Dusk was James Abbot McNeill Whistler’s favourite time of day, when cool temperatures and dwindling light turned colours into an ambiguous, enigmatic haze. Nuanced shades of blue and green like that of TURQUOISE Linen allowed him to convey this bracing evening light as it stretched across misty skies and open expanses of freezing water, merging the two into one. A leader in the aesthetic movement of the 19th century, Whistler blended music, poetry and art together in these tranquil, mesmerising scenes, writing, “As music is the poetry of sound, so is painting the poetry of sight.”
Though Whistler would come to make his name in Paris, his life took several twists and turns along the way. Born in Lowell, Massachusetts in 1836, his family moved to St Petersburg when Whistler was 9 years old, where his father worked as a civil engineer on the railroad into Moscow. It was here in Russia that Whistler first took up art classes, and his precocious talent was soon spotted by his teachers, who nudged him in the right direction. Following his return to the United States, Whistler never truly settled back into the American way of life. By 1855 he had relocated to Paris, banding together with two of the city’s most rebellious Realist painters Henri Fantin-Latour and Alphonse Legros, who called themselves a Société des Trois. Whistler’s art reflected the rising trend for painting en plein air, trying to capture sights and sensations of real life on canvas.
Throughout the early 1860s, Whistler lived mainly between London and Paris, while he made painting trips to Brittany and Biarritz with the Realist painter Courbet, who invested in his young protégé a love of the sea. In 1866 Whistler made a visit to South America, where he witnessed the Spanish bombardment of Chile’s principal harbour. His painting Crepuscule in Flesh Colour and Green: Valparaiso, 1866, conveys British, French and American defence ships retreating in defeat from the Chilean harbour, but the dramatic tension of the story is overshadowed by the huge expanse of undulating, turquoise blue water that gently ripples in and out of the light. Misty air rises from its surface, casting boats into an indistinct haze across the horizon.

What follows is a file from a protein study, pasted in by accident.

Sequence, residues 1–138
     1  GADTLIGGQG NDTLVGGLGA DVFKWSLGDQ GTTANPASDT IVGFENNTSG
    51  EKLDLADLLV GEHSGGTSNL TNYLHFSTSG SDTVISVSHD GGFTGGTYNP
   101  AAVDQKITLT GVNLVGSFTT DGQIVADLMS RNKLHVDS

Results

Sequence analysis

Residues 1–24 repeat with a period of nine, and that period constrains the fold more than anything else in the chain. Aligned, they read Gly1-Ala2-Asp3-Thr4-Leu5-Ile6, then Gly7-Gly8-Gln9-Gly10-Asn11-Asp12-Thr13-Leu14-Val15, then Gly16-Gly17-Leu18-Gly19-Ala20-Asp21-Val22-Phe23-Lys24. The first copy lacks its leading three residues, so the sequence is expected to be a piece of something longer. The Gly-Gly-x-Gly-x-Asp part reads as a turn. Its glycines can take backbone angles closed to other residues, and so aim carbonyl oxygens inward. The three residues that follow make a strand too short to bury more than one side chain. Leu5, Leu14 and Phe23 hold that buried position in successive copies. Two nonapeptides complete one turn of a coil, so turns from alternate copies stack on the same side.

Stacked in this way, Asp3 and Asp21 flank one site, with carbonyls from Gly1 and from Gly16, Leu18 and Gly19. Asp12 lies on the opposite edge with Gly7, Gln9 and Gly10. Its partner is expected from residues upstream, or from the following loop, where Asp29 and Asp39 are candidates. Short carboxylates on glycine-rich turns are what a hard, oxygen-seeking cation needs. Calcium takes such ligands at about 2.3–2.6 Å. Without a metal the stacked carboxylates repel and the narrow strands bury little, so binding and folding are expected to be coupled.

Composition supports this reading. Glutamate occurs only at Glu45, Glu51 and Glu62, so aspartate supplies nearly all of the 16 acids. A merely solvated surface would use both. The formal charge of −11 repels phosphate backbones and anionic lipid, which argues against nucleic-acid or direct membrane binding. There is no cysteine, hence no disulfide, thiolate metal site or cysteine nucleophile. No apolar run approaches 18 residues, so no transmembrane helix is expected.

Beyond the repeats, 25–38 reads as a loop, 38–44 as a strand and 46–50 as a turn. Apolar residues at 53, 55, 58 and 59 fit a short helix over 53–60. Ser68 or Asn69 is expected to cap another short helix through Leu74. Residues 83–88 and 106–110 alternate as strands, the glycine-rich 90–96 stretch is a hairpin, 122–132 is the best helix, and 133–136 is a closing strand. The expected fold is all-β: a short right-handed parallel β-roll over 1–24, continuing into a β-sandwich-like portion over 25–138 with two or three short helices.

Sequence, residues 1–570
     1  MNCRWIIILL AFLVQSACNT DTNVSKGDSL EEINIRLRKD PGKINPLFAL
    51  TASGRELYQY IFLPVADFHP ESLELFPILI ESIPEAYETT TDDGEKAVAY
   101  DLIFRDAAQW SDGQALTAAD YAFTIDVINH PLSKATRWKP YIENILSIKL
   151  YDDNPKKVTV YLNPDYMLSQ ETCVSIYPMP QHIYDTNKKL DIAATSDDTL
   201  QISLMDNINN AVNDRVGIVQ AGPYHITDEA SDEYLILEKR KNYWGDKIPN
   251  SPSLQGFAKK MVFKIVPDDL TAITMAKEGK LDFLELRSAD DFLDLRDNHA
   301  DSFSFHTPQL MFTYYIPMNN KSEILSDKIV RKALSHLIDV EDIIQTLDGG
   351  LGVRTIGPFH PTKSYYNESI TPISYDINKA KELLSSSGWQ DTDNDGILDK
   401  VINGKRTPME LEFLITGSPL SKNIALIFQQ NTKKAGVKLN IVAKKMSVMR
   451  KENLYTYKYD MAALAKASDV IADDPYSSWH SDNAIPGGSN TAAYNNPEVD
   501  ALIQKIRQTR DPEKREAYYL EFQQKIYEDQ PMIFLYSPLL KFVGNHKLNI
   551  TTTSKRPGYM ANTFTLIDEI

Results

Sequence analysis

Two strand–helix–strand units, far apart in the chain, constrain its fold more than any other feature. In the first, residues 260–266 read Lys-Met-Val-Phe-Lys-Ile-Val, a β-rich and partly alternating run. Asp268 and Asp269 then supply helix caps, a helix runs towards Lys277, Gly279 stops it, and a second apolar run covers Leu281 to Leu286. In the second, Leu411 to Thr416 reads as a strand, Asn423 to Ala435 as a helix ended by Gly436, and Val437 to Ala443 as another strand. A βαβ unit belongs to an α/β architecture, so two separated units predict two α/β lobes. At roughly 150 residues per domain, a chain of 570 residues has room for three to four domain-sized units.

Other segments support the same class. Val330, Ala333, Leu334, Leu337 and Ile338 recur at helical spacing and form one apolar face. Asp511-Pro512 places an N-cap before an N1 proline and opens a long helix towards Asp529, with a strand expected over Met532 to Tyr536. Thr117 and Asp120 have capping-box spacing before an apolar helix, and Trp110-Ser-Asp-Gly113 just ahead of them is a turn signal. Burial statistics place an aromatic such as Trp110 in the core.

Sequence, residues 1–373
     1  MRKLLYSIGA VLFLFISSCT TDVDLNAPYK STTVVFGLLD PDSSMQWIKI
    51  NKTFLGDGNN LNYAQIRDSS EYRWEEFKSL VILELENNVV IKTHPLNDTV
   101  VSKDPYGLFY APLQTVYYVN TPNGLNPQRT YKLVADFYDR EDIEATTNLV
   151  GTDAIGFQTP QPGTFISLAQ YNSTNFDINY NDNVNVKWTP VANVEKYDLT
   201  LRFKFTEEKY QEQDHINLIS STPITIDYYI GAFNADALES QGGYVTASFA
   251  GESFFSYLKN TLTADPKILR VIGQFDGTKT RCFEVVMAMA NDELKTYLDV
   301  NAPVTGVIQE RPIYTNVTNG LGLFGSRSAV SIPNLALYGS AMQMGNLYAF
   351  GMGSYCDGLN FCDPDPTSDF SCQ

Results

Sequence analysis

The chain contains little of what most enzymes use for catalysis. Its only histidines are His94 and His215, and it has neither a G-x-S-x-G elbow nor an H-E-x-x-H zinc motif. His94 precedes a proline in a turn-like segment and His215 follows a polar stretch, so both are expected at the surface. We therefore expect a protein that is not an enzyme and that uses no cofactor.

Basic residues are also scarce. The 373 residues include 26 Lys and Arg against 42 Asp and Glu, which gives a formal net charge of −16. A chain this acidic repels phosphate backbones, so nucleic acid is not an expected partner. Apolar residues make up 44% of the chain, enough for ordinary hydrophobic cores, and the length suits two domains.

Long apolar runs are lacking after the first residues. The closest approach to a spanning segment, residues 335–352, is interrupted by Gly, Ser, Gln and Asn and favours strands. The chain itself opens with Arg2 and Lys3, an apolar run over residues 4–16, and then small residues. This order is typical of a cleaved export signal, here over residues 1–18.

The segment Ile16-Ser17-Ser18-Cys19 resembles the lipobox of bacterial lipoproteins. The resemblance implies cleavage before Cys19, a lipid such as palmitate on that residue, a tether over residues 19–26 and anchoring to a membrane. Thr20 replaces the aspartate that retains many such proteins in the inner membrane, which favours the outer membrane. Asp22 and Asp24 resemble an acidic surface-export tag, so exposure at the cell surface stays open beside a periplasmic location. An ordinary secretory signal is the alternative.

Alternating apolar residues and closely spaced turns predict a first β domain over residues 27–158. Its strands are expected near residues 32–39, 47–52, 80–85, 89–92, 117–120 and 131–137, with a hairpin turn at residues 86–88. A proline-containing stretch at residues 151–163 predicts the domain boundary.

By the late 1860s, Whistler had settled in London, where the River Thames would become his most enduring subject. Moving to work increasingly from memory, Whistler’s paintings became ever more simplified and mysterious, conveying watery scenes with thin, fluid washes of wet paint in cool blues, greys and greens that slowly bleed into one another. Nocturne: Blue and Gold Old Battersea Bridge, 1872 captures the sleepy city on the brink of nightfall as a foggy haze of dark aqua blue. The once totemic bridge is muffled into a shimmering grey mirage, while golden lights twinkling in the distance sprinkle his scene with magic. Nocturne in Grey and Silver, 1873 captures the mystical wonder of deeper nightfall across the city as bands of indistinct colour bleed together into near abstraction. Amidst a sea of freezing greens and blues the faintest hint of golden light blinks in the distance, a faint reminder of the disappearing city far beyond.
Nocturne in Black and Gold: The Falling Rocket, 1875 is perhaps one of Whistler’s most revolutionary paintings, one which caused a public sensation with its rough, rugged surface and rejection of painterly tradition. Sparks fly across a midnight blue sky, lighting it up with dazzling brilliance in dots and splashes of red and yellow. A streak of turquoise water sweeps in before it, glistening with transfixing, watery light before slowly disappearing into the darkness of night.